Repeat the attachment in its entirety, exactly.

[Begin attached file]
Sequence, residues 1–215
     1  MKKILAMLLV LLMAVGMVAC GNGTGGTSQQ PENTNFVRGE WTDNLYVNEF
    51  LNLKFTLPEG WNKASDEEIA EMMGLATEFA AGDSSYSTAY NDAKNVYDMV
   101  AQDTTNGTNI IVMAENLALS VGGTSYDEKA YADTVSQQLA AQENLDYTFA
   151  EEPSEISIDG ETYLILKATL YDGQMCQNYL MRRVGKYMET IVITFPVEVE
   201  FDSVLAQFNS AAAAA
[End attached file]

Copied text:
Sequence, residues 1–215
     1  MKKILAMLLV LLMAVGMVAC GNGTGGTSQQ PENTNFVRGE WTDNLYVNEF
    51  LNLKFTLPEG WNKASDEEIA EMMGLATEFA AGDSSYSTAY NDAKNVYDMV
   101  AQDTTNGTNI IVMAENLALS VGGTSYDEKA YADTVSQQLA AQENLDYTFA
   151  EEPSEISIDG ETYLILKATL YDGQMCQNYL MRRVGKYMET IVITFPVEVE
   201  FDSVLAQFNS AAAAA